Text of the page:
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A Calgary Overlook With an Innovative Roof

A 2,600-square-foot, sunny, south-facing refuge



Photos by Robert Lemermeyer

High on an escarpment overlooking the city of Calgary, the Bow River and the Canadian Rockies beyond, a couple found the perfect spot for a new home that would welcome both the sun and the scenery. They reached out to Jeremy Sturgess and Anita Gunther, from Calgary-based Sturgess Architecture, to help bring their dream to life.

“They asked for a house that was a refuge,” Sturgess recalls. “A comfortable place where they could come home and just be themselves after their busy work days.”

Although the homeowners opted to remove an outmoded bungalow from the site, they were committed to retaining a natural setting by keeping as many trees as possible. “This lot is very unique in that it’s not bordered by any other houses except to the north, which we absolutely ignored,” Sturgess explains.

Taking advantage of the sloping site’s 50- by 120-foot dimensions, the designers configured the 2,600-square-foot house to showcase its magnificent views and southern exposure. The homeowners were enthusiastic about a cantilevered roof, so Sturgess’s solution involved a structure he calls a “woof”—a combined wall and roof that creates a solid barrier at the back of the house, with a soaring plane hovering over the home’s many-windowed front. It’s a stylish merger of shelter and shade that controls solar exposure year-round. And one unintended yet delightful bonus of the roof’s Le Corbusier-inspired round aperture? Sturgess explains, “It casts a light pattern across the floor of the deck and really acts as a clock during the day.”

“In Calgary, the sun is everything,” Sturgess says. “And the decision was made early on to create almost as many outdoor rooms as indoor rooms.” Multiple levels allow the home’s spaces to be divided logically, with room for parking and guests below, main living areas above, and bedrooms at the top. A series of skillfully positioned terraces with tall, solid handrails allow the home to be open to the outdoors yet remain private. Sturgess explains, “We deliberately made those solid, because those become the curtains.”

The interior design was a joint effort between Sturgess, Gunther and the couple. “We were looking for a contemporary-style house, with a modern aesthetic,” the homeowner explains. “We said open space, lots of light, concrete and steel and glass.” And that’s precisely what the design team delivered. Steel and concrete feature both indoors and out, while a palette of cool neutrals with jolts of bold color creates a fresh, clean and modern mood. Despite the industrial materials, the surrounding trees, abundant light and wood ceilings lend warmth to the rooms.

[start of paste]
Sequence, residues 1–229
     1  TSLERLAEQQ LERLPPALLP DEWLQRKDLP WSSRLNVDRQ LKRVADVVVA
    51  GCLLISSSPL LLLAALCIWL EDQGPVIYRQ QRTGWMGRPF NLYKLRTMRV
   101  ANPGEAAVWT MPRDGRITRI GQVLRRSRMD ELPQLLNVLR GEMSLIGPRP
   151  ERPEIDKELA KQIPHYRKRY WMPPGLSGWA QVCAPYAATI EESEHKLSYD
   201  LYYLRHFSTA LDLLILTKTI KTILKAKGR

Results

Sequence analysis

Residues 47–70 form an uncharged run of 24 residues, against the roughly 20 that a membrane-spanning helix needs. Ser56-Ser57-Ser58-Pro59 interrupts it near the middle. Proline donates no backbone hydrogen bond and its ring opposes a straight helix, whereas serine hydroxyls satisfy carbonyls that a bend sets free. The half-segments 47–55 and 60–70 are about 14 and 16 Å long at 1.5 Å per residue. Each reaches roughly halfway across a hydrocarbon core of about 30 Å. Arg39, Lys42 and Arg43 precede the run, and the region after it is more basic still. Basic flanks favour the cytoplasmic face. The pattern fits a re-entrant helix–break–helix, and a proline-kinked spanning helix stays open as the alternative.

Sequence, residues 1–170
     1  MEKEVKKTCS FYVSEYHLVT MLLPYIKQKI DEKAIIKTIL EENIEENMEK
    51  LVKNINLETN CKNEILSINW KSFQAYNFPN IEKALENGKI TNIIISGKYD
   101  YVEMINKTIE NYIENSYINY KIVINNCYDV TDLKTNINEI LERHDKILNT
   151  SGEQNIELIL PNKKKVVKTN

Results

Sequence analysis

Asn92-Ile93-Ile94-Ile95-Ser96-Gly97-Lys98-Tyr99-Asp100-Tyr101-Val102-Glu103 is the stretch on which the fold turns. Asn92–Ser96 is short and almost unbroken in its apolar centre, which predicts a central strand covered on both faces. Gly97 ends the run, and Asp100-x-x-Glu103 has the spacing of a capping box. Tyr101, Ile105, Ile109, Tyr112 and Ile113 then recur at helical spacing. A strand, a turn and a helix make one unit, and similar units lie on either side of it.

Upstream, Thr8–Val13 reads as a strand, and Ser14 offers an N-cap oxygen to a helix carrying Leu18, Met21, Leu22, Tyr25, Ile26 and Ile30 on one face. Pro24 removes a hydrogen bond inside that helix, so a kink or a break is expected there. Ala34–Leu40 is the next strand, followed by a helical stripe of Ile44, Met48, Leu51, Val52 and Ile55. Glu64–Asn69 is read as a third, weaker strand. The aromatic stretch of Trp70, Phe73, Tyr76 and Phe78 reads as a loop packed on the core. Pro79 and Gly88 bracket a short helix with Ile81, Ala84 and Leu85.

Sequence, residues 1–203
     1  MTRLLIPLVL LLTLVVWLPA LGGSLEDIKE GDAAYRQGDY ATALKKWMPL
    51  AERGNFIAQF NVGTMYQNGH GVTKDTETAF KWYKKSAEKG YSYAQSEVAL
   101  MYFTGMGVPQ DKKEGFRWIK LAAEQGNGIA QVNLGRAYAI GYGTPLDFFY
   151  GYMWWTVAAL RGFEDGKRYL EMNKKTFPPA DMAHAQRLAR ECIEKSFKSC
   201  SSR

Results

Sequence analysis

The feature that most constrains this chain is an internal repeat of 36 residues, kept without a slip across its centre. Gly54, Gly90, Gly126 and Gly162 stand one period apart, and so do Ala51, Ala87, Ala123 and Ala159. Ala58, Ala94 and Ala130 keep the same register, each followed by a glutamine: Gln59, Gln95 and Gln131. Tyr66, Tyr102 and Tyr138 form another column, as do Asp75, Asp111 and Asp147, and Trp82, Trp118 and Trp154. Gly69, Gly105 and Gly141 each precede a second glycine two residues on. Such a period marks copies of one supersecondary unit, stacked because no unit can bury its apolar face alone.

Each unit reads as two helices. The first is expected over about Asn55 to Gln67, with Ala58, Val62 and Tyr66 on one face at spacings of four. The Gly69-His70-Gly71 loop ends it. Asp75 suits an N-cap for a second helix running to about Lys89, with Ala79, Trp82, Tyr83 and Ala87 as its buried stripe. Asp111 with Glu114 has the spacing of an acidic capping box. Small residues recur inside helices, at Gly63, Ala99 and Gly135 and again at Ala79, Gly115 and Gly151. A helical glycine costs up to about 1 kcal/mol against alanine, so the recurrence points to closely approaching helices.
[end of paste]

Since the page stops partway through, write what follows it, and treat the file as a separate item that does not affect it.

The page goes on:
The double-height living room with a towering wall of south-facing windows is the heart of the home. With an adjoining terrace and open kitchen and dining areas, it’s a versatile space for casual daily living or elegant entertaining. Gunther helped the homeowners choose “the perfect white” paint. “They selected beautiful furniture,” she says, “And we wanted the white walls to celebrate and frame the furniture, as well as the art and the lighting.”

“Those three elements—the ‘woof,’ the double-height glass wall and the solid handrails—are well modulated, so you have the luxury of living in a glass house without ever feeling compromised by it,” Sturgess says. Indeed, the house offers a weightless feeling of floating among the trees. “You definitely know what’s going on outside,” the homeowner says. “Whether it’s snowing or the sun is shining or there’s a storm brewing, you’re very much communing with nature.”

THINK BIG, BUILD SMALL
Sturgess Architecture’s Anita Gunther suggests three key design strategies to make the most of small spaces: flexibility, variety and connectivity.

LOOK UP  “Introducing height into a space provides the opportunity for elevated and interconnected floors,” Gunther says. “Height allows for a variety of scale in an interior, forming both intimate and grandiose spaces.”

LIGHT UP  “By bringing natural light and view into a small space, it not only creates a visual connection to nature and the outdoor environment but also creates a dynamic space that continuously changes from day to night and from season to season,” says Gunther.

LINK UP  “Connectivity in a small space is created by forming interior spaces that are linked to exterior spaces,” Gunther explains. “By blurring the line from inside-out and outside-in, the exterior space—such as an outdoor living room—can become an extension of the interior space, making a small space feel larger than what it actually is.”

DESIGN DETAILS:

ARCHITECTURE & INTERIOR DESIGN Sturgess Architecture  CONSTRUCTION Warbleton Development/Conroy Custom Homes  CONCRETE FLOORS Aesthetic Concrete  CUSTOM METAL STAIR GUARDRAIL Modern Metals CUSTOM GABION RETAINING WALL Gabion Wall Systems  FURNISHINGS/ACCESSORIES TRACK LIGHT Manufacturer: Sistemalux,  Vendor: Vektra Lighting  DINING ROOM PENDANT Manufacturer: Moooi, Vendor: Robert Sweep  ISLAND & STAIR PENDANTS Manufacturer: Bocci Vendor: Bocci  DINING TABLE Manufacturer: Horizon, Vendor: Roche Bobois LIVING ROOM/DINING ROOM CREDENZE Manufacturer: Horizon, Vendor: Roche Bobois BATHTUB Manufacturer: Agape, Vendor: Inform Interiors  PAINT Manufacturer: C2, Vendor: Walls Alive  KITCHEN HOOD FAN Manufacturer: Faber, Cylindra Isola, Vendor: Jerome’s Appliances

SEE ALSO:
2,453-Square-Foot Townhome
1,555-Square-Foot Condo
2,500-Square-Foot Duplex
The Allure of Small Spaces

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